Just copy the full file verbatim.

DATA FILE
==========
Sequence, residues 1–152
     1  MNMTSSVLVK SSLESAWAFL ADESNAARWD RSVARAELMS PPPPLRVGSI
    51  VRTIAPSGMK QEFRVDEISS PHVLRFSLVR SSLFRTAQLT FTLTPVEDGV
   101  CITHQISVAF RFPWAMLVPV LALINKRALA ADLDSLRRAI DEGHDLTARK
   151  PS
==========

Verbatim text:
Sequence, residues 1–152
     1  MNMTSSVLVK SSLESAWAFL ADESNAARWD RSVARAELMS PPPPLRVGSI
    51  VRTIAPSGMK QEFRVDEISS PHVLRFSLVR SSLFRTAQLT FTLTPVEDGV
   101  CITHQISVAF RFPWAMLVPV LALINKRALA ADLDSLRRAI DEGHDLTARK
   151  PS